Quicker Elbows In The Clean Turnover

The speed and accuracy of the clean turnover is based on the pivot point of the motion.
We have two basic options: the elbow, or the bar.
When the elbow is the pivot point, the motion effectively becomes a curl. We see this when we tuck the elbows against our sides in the turnover—the bar swings out around the elbow. This increases resistance to the movement of the elbows, slowing the turnover, pulls our balance forward, and increases the likelihood of the bar crashing onto the shoulders.
When the bar is the pivot point, the elbows swing around the bar. By initiating the motion under the bar with a pull up and out of the elbows, we maintain bar-body proximity, accelerate sooner and more, and bring the bar and shoulders together more directly to allow the elbows to then spin quickly around the bar into their final position and create a smooth connection of the bar and body.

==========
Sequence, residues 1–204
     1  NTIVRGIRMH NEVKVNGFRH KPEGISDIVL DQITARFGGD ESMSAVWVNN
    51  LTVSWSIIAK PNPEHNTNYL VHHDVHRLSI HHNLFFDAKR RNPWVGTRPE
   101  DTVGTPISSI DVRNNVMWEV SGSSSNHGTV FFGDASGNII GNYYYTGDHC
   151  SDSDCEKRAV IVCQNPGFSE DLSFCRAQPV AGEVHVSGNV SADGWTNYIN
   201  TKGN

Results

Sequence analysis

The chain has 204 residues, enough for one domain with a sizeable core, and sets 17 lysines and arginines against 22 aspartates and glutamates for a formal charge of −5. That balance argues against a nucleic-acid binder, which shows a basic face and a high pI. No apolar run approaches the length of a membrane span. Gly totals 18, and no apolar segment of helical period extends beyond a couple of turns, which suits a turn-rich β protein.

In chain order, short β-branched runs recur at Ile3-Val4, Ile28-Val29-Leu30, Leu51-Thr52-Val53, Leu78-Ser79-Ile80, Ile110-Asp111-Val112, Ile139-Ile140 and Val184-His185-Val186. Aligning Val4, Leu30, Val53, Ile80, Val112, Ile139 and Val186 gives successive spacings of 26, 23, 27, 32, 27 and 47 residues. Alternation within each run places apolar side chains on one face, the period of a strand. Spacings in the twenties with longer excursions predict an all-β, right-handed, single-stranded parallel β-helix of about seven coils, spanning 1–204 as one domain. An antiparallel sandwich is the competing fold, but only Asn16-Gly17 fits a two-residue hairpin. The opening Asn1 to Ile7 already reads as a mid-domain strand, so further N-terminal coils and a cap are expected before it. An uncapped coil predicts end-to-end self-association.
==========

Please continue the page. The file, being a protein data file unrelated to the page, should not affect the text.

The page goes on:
Unlike in the snatch, the elbows don’t need to move all the way up before the turnover—we only need a brief initial motion up and out. The continued effort to bring the bar and shoulders together at a single point will then allow the quick whip of the elbows around into the rack position.